If you’re like me, you probably see those low cost game cameras in the stores and wonder if it’s worth buying. I picked one up a while back, and intend for my Moultrie A5 game camera review to help you answer that question. The A5 is perhaps the most widely available trail cams out there. You’ve probably seen this model in your local hunting, outdoors, or tractor supply stores due to its extremely budget friendly price. You can find them in many stores for a good deal.
The A5 has pretty average specs, and that should not be a surprise for a camera with such a low price point. With that said, the camera should provide perfectly acceptable pictures if it works right.
- Image Sizes: 5MP, 4:3 standard aspect ratio, 640×480 Low, and 2560×1920 High
- Video: 640×480 VGA
- Trigger Speed: 1.2 seconds
- Recovery Speed: 60 seconds
- Detection Range: Up to 40 feet
- Flash Range: Up to 50 feet
- SD Card: Supports up to 32GB Cards
- Output: USB 2.0 Port
- Batteries: 4x C cells (Not Included)
- Modes: Infrared, Motion Detection, VGA Video
- Camera Size: 7in x 6in x 3in
- Info Bar: Time, Date, Moon Phase, Camera ID
- Software: None Included
- Warranty: 1 year by Manufacturer
The Moultrie A5 comes in a nice white box, just like its big brother the Moultrie M-880. on the back of the box, you’ll see a colorful photo of the keypad and LCD screen, as well as a day and night shot of some deer. Inside the box, I found a tree mount strap, an instruction manual, and a nice Moultrie decal as a bonus.
Fit and Finish
The first thing you will notice about the A5 camera, is how big and bulky it is. It doesn’t really matter once it’s strapped to a tree or fence post, but if you are looking for something more discreet, you may want to buy a camera like the Browning Recon Force instead.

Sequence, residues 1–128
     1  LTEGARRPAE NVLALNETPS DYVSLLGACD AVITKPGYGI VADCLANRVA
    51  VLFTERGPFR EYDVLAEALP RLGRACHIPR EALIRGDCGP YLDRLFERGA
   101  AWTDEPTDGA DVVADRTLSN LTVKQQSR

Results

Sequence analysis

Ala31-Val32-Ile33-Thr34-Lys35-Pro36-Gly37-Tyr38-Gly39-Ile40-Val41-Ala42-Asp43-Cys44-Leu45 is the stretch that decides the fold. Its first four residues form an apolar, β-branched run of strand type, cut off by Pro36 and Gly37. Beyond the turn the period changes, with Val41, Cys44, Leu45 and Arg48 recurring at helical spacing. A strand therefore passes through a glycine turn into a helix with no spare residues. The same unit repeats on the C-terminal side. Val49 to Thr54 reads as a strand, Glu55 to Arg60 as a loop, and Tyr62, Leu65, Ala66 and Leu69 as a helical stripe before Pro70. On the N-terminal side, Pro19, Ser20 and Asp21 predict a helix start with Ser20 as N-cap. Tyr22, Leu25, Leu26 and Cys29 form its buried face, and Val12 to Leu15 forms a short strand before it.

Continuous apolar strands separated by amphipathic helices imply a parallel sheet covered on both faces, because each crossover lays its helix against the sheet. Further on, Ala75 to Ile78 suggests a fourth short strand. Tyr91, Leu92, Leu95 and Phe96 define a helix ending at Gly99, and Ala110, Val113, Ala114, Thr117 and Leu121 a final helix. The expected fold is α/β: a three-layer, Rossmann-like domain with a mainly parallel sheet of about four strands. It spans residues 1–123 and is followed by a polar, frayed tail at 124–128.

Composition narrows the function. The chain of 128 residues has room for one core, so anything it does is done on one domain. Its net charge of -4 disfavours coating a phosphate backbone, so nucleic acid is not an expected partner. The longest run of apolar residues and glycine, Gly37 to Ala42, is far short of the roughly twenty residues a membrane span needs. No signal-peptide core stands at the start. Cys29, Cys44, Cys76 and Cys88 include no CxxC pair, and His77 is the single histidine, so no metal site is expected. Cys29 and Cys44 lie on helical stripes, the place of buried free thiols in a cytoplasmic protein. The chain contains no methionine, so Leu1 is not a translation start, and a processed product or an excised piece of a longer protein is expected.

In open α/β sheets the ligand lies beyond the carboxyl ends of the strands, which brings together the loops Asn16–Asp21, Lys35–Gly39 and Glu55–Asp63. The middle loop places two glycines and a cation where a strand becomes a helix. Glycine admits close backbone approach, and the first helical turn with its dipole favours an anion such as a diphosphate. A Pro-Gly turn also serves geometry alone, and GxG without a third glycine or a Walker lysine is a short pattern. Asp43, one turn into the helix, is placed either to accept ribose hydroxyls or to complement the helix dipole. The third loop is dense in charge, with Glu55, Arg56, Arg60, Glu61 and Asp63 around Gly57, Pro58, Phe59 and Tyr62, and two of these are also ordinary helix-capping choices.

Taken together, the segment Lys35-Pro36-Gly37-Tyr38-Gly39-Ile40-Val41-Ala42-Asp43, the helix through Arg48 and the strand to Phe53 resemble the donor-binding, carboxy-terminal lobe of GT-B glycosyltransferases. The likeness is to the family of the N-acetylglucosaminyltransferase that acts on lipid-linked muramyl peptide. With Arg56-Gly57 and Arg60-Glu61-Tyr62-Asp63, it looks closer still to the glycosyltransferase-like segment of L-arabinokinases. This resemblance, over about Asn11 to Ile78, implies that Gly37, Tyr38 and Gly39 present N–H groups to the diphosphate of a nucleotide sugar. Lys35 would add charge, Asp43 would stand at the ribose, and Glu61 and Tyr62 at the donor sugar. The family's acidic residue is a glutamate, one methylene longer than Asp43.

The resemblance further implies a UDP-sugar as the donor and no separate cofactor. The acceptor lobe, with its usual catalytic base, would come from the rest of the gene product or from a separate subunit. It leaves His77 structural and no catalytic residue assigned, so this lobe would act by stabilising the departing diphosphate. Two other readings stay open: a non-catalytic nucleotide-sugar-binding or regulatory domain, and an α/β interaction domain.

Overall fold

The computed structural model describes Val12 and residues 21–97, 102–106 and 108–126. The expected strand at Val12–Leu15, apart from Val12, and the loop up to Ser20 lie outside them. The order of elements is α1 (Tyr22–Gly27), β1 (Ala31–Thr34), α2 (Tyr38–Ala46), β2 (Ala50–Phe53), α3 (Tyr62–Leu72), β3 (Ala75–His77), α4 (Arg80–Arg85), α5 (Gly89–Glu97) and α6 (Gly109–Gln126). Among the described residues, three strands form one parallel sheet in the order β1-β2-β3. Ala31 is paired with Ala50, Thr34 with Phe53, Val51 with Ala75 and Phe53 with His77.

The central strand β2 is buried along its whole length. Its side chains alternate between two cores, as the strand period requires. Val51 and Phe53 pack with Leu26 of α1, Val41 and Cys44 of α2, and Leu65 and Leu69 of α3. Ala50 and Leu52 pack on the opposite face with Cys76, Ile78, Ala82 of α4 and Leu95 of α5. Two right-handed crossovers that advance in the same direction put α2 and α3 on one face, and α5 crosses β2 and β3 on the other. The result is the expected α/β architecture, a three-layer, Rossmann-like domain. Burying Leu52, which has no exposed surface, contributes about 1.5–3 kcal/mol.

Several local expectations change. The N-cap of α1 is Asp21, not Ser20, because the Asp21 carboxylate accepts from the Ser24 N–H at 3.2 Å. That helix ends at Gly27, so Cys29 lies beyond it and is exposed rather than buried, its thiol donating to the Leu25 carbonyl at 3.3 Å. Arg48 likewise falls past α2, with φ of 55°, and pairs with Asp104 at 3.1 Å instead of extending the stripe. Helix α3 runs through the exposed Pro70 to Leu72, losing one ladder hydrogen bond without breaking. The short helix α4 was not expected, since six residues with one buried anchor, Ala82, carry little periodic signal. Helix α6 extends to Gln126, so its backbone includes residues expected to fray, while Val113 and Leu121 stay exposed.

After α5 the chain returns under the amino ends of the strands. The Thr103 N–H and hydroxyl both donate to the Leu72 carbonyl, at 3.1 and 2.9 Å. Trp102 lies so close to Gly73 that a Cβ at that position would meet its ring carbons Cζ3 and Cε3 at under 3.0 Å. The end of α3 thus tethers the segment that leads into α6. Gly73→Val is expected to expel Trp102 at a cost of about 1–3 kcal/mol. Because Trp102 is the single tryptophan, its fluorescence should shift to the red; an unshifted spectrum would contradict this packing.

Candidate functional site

Despite the size issue, this camera is constructed rather well. The housing is sturdy, and instead of smooth plastic, the outside sports a rough tree like texture. The hinge and buckles give off a satisfying ‘snap’ when the cover is closed. I do wish the gasket was a little more robust to keep moisture out, but I’m sure it will get the job done. I’m not very confident in the long term durability of the plastic buckle on the strap, but if you move up to the M-880, you’ll get a metal version.
Camera Features and Setup
As you might expect for a budget hunting camera, the A5 has just the basic features and setup controls. To setup the camera for use, you need to use the three sliding selector buttons on the left side. The first slider has the option, IRAIM, SETUP, and AUTO. IRAIM allows you to test the alignment of your IR sensor, so that you can record in your intended direction. The SETUP selection allows you to change the internal settings of the camera. When you move the selector to AUTO, you are ready to leave the camera in the field to record. The second selector sets your picture delay to either 1, 5, 30, or 60 minutes. the last selector is where you choose between Video mode, and High or Low picture resolution.
Image and Video Quality
The image quality is pretty standard for a low cost game cam. Daytime images are average quality because the image sensor is not as powerful as higher end cameras. If you are not trying to win a photography contest, and just want to capture game movements on your land, then the A5 might work fine for you. One bonus going in favor of this camera, is that it has a very nice battery life. The 4x C cells will power the unit for months.
This Moultrie hunting cam is compatible with all the usual game cam accessories. It has a ¼-20 threaded boss on the bottom to mount to gimbal brackets. On the back housing, it has a hook for a padlock, and loops to thread in a Python security cable.
So should you spend your cash on this budget camera? I don’t want to tell you yes or no without knowing exactly what you intend to do with the camera. The important thing is to know what your needs and expectations are before buying this game camera or making another camera choice.
If you want better images, I would still recommend the Browning Force Recon and Moultrie M880 over the A5. If you really just want to record game movements on a food plot, and don’t care that much about stellar image quality, then the Moultrie A5 just might be the bargain for you.